Background In the aftermath of the 2010 earthquake in Haiti, St. Luke Hospital was built to help manage the mass casualties and subsequent cholera epidemic. A major problem faced by the hospital system was the lack of an available and sustainable supply of medications. Long-term viability of the hospital system depended largely on developing an uninterrupted medication supply chain. Objective We hypothesized that the implementation of a new Pharmacy Computerized Inventory Program (PCIP) would optimize medication availability and decrease medication shortages. Design We conducted the research by examining how medications were being utilized and distributed before and after the implementation of PCIP. We measured the number of documented medication transactions in both Phase 1 and Phase 2 as well as user logins to determine if a computerized inventory system would be beneficial in providing a sustainable, long-term solution to their medication management needs. Results The PCIP incorporated drug ordering, filling the drug requests, distribution, and dispensing of the medications in multiple settings; inventory of currently shelved medications; and graphic reporting of ‘real-time’ medication usage. During the PCIP initiation and establishment periods, the number of medication transactions increased from 219.6 to 359.5 (p=0.055), respectively, and the mean logins per day increased from 24.3 to 31.5, p<0.0001, respectively. The PCIP allows the hospital staff to identify and order medications with a critically low supply as well as track usage for future medication needs. The pharmacy and nursing staff found the PCIP to be efficient and a significant improvement in their medication utilization. Conclusions An efficient, customizable, and cost-sensitive PCIP can improve drug inventory management in a simplified and sustainable manner within a resource-constrained hospital. PMID:25623613

  20. Harnessing the Risk-Related Data Supply Chain: An Information Architecture Approach to Enriching Human System Research and Operations Knowledge

    NASA Technical Reports Server (NTRS)

    Buquo, Lynn E.; Johnson-Throop, Kathy A.

    2011-01-01

    An Information Architecture facilitates the understanding and, hence, harnessing of the human system risk-related data supply chain which enhances the ability to securely collect, integrate, and share data assets that improve human system research and operations. By mapping the risk-related data flow from raw data to useable information and knowledge (think of it as a data supply chain), the Human Research Program (HRP) and Space Life Science Directorate (SLSD) are building an information architecture plan to leverage their existing, and often shared, IT infrastructure.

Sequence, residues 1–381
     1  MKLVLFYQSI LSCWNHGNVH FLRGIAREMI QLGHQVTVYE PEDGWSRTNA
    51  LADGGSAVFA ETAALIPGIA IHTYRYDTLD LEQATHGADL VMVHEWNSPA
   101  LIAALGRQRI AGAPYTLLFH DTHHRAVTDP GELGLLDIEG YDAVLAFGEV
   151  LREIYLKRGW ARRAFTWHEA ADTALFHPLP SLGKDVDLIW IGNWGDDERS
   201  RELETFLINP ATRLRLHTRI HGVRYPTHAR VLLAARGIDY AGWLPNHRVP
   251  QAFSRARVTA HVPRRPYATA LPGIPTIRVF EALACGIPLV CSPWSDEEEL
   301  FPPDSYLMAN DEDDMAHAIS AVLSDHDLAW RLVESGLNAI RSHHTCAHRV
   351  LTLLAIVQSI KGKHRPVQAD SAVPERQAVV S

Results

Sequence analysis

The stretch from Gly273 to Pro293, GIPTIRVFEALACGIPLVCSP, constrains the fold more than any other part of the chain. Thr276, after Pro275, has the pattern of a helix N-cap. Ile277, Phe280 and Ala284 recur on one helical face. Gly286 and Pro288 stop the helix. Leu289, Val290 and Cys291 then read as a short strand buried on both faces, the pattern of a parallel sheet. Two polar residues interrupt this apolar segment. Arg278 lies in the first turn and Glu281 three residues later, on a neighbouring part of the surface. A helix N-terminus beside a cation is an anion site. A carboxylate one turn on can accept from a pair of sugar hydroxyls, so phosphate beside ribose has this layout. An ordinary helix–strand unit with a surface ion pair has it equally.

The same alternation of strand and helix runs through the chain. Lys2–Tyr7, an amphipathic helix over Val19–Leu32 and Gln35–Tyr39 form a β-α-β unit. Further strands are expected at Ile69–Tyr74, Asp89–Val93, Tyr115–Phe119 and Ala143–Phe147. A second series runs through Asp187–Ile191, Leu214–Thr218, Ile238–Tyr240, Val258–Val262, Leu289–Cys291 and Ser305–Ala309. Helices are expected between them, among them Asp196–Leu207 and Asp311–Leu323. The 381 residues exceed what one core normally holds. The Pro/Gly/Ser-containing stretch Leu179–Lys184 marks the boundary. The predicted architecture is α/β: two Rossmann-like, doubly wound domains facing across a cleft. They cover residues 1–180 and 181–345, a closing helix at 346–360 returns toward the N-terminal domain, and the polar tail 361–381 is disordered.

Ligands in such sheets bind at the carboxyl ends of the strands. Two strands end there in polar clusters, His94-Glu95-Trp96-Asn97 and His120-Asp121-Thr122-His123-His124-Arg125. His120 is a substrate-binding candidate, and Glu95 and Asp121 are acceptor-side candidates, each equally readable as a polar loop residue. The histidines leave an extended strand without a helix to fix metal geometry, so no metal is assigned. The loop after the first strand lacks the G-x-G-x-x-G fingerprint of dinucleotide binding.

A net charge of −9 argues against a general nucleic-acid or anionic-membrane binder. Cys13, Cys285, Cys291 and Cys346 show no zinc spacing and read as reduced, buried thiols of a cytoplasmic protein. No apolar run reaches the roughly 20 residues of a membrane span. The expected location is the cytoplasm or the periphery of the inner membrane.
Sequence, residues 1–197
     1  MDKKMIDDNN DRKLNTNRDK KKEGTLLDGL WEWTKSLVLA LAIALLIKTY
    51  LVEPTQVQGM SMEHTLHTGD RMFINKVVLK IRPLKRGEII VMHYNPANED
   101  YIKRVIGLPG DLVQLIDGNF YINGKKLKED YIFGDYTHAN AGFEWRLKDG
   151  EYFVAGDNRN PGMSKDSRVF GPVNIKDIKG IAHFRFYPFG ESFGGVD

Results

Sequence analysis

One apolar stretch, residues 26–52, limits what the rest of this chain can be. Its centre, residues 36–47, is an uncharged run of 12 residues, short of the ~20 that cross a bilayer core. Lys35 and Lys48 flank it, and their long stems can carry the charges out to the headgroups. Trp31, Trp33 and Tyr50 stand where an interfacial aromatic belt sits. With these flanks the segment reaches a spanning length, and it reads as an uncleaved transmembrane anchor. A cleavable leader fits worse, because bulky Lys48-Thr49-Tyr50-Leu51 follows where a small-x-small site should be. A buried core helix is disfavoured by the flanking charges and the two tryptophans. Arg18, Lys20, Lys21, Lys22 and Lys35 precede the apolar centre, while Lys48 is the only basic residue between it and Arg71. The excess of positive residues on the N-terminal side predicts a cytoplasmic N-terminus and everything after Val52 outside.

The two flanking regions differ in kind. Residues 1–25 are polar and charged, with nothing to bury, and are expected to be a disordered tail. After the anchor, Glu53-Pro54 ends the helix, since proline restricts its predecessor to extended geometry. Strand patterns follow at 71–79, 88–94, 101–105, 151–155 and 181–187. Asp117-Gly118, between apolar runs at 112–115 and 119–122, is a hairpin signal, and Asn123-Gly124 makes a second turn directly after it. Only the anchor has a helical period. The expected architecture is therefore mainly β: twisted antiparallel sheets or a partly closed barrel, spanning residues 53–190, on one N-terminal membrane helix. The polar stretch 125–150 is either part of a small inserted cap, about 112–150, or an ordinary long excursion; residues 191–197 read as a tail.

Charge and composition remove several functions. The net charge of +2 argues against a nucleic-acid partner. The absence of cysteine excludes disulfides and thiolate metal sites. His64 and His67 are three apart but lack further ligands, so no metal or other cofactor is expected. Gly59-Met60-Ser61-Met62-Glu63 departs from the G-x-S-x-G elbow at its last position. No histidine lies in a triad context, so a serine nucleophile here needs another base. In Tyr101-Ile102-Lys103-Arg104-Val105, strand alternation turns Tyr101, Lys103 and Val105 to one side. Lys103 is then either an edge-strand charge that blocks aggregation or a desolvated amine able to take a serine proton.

1. Estimating U.S. Methane Emissions from the Natural Gas Supply Chain. Approaches, Uncertainties, Current Estimates, and Future Studies

    SciTech Connect

    Heath, Garvin; Warner, Ethan; Steinberg, Daniel; Brandt, Adam

    2015-08-01

    A growing number of studies have raised questions regarding uncertainties in our understanding of methane (CH4) emissions from fugitives and venting along the natural gas (NG) supply chain. In particular, a number of measurement studies have suggested that actual levels of CH4 emissions may be higher than estimated by EPA" tm s U.S. GHG Emission Inventory. We reviewed the literature to identify the growing number of studies that have raised questions regarding uncertainties in our understanding of methane (CH4) emissions from fugitives and venting along the natural gas (NG) supply chain.

  2. Meal patterns in relation to the supply of branched-chain amino acids in pigs.

    PubMed

    Gloaguen, M; Le Floc'h, N; Corrent, E; Primot, Y; Val-Laillet, D; Meunier-Salaün, M C; van Milgen, J

    2013-01-01

    When a diet deficient in Val with excessive Leu is offered to pigs, feed intake is reduced. The physiological mechanisms underlying the rejection of branched-chain AA (BCAA) unbalance are unknown. A meal pattern analysis was performed to determine how pigs respond to the ingestion of a diet unbalanced in BCAA to identify the mechanisms responsible for the aversive response of such a diet. Eight female pigs (initial BW of 30.7±1.7 kg at 9 wk of age) received alternatively a diet either unbalanced in BCAA supply (i.e., a diet deficient in Val with an excess supply of Leu) or a control diet (i.e., a diet with a sufficient supply of Val with an excess supply of Leu) during 4 periods of 5 consecutive days. Feed consumption was monitored continuously to determine feeding behavior. Average daily feed intake of pigs receiving the diet unbalanced in BCAA was l3% less than that in pigs offered the control diet (P<0.01). Offering the unbalanced diet had no effect on meal size but reduced the number of meals from 9.9 to 8.5 per day (P<0.01). There was no difference between diets in intermeal interval but a slight trend for an increased meal duration from 14.5 to 16.3 min in pigs receiving the unbalanced diet (P=0.13). The rejection of feed appeared within the first 2 d after offering the unbalanced diet. The results of this experiment indicate that the BCAA unbalanced diet had no effect on satiety and satiation. After initiation of a meal, pigs ate a normal-sized meal and were hungry, but the increase in meal duration and a decrease in the number of meals inferred a negative alliesthesia (less pleasant) response to the BCAA unbalanced diet. On the basis of meal patterns, the rejection of a diet unbalanced in BCAA may not involve short-term mechanisms related to oropharyngeal and gastrointestinal receptors but may be triggered by postabsorptive signals. PMID:23404989